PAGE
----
You told me earlier that you do homebrew. How much? For how long have you done it?

I do brew and my schedule changes based on my work. I find on average I brew every other month but there are times I get into a rhythm and brew every month. I usually brew enough to not run out of homebrew, which is just the right amount for me. I first started brewing when I hooked up with the Maltose Falcons in Los Angeles and got Charlie Papazian’s book. I’d say that was around 2003, so I probably got about 10 years in the game.

Are you certified in beer tasting - have you had any formal education about beer or is your approach purely through self-motivated experience?

I do not hold any certifications or qualifications in beer tasting although I always have had a desire to judge at a significant level. I have a few friends who are BJCP instructors so I’m sure it’s only a matter of time.

Do you maintain a beer cellar? If yes, what are you in the process of maturing?

I wouldn’t call it a “cellar” but I do age both beer and wine. I hope to build up a dedicated area into a proper cellar someday, but for now it’s just cases of bottles in the corner of the basement! When I come across something I love that is unique and age-able I try to grab a few bottles to ensure I can lay one down.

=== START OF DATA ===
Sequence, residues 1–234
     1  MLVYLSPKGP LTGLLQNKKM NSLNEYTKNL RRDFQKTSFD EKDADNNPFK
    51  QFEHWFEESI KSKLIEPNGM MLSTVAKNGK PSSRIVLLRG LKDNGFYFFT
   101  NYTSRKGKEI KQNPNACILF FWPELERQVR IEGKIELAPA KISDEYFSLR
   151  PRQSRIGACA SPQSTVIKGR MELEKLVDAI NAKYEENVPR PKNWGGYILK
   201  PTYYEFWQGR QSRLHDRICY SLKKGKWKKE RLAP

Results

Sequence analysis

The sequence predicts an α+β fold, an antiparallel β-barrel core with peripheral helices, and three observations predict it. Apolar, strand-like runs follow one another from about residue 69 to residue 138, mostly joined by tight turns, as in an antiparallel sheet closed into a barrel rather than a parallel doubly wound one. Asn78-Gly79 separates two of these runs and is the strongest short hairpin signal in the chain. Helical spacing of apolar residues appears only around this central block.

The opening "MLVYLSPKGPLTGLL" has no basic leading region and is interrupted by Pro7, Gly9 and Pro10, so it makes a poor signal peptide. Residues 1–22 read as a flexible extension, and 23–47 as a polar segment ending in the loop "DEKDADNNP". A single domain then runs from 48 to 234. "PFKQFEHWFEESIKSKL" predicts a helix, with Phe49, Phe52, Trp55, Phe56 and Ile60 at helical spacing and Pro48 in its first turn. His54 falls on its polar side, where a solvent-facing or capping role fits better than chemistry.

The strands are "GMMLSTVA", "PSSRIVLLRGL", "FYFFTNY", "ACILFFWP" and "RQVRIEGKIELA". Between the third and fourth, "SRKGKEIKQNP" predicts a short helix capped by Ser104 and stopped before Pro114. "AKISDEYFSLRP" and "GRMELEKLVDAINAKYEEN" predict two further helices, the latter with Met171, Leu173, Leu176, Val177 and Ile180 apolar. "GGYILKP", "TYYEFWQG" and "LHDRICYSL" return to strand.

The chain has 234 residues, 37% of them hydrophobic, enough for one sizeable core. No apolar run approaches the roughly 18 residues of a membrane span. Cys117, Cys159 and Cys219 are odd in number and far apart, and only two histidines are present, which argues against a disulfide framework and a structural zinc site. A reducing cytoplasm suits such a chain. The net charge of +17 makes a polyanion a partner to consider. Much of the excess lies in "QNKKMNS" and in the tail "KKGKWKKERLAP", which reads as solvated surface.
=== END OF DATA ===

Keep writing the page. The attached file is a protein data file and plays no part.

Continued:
Do you collect beer stuff? Beer coasters, neon lights, glasses, bottles, bottle caps, napkins, et cetera?

The only thing I collect is glassware. If you ask Jenn, I have way too many beer glasses but that is just silly talk. Right?

Okay, I’m pinning you to the wall: What’s your favorite beer? And don’t give me any hog-wort about it depending on the day. NOW! Right NOW! What’s your favorite?

As cliché’ as it may sound, I scored a six pack of Heady Topper during Philly Beer Week and it was glorious. So since you’re asking RIGHT NOW… it’s the Alchemist’s Heady Topper.

Favorite brewery?

Russian River! There … I didn’t have to offend anyone from Beeradelphia! ;)

Favorite brewmaster?

That’s easy. It’s Doug Marchakitus from Manayunk Brewing! Haha … By the way I am looking forward to brewing my first beer on a professional system with him for Philly Beer Geek!